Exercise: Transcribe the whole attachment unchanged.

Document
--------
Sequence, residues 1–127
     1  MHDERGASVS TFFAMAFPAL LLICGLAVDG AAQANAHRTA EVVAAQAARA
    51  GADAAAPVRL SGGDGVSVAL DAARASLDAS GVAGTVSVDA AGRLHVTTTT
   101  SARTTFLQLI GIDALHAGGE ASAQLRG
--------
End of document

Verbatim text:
Sequence, residues 1–127
     1  MHDERGASVS TFFAMAFPAL LLICGLAVDG AAQANAHRTA EVVAAQAARA
    51  GADAAAPVRL SGGDGVSVAL DAARASLDAS GVAGTVSVDA AGRLHVTTTT
   101  SARTTFLQLI GIDALHAGGE ASAQLRG